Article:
I completely disagree with your stance (Our Opinion, Oct. 2) on the California legislation that allows college athletes to be paid.

Just because broadcasters incessantly jabber about this on sports radio doesn’t make it a good idea.

This is a case of treating the symptom, not the disease. And a fashionable symptom it is.

This is not a victory for the student-athlete; the vast majority of the individuals who will benefit from selling their likeness are the same ones who will likely sign professional contracts worth millions upon leaving school. While I am not in favor of for-profit enterprises, such as video game makers, profiting from anyone’s likeness, allowing students to be paid for their participation only serves to further dilute any idea of “scholarship.”

Also, you should not underestimate the value of the college degree that a student-athlete has an opportunity to receive at no cost. It is now something that is increasingly unaffordable for much of the country. Do the math and see how long it would take to pay even the basic, in-state tuition on a minimum-wage salary.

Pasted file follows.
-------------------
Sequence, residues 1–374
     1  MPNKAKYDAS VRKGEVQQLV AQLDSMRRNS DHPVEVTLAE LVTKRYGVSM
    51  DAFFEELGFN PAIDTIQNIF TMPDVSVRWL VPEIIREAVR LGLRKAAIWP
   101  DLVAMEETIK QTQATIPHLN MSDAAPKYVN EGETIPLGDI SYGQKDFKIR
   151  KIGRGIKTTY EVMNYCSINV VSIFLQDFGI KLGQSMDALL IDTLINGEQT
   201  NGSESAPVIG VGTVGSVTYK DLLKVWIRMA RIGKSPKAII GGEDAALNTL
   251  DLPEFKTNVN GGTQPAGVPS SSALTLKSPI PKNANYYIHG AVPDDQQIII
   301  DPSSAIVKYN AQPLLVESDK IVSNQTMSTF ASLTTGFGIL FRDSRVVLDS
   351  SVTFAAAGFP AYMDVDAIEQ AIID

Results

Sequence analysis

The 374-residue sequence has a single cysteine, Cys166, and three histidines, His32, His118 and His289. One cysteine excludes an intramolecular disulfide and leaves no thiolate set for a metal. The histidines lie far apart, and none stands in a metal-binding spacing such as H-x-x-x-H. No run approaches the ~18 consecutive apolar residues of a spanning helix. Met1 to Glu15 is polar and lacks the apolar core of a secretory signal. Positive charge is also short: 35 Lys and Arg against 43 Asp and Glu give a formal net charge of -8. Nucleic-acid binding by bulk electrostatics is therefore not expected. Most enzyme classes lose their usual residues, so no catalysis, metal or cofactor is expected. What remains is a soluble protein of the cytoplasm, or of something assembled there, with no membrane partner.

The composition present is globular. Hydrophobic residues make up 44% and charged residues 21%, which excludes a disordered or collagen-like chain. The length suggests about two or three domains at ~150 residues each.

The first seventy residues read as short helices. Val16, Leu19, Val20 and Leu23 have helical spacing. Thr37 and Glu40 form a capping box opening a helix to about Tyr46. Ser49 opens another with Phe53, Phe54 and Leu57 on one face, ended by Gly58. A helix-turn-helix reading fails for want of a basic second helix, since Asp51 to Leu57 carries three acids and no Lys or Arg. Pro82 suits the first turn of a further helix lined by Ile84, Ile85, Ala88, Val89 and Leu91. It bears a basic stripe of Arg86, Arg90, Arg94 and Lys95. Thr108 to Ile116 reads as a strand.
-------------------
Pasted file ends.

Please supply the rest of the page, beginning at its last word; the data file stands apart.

If the one-year renewable nature of the scholarship is the problem, then that should have been dealt with; all athletic scholarships could easily have been made to be a mandatory four years, a position I support.

What this bill really did is protect a system that too often cares more about wins and TV ratings than it does about educating anyone. It now layers on the financial interests of corporations that are often exploitative. Do you really think a relief pitcher on the baseball team or the backup keeper for soccer will ever see a nickel of all the money that will flow?

At the least, if some people really feel this is a raw deal for someone who gets to go to college for free, what should have been done is restrict students who choose to be professionals from receiving scholarships.

They can pay their own freight just like the rest of us.

Timothy Haugh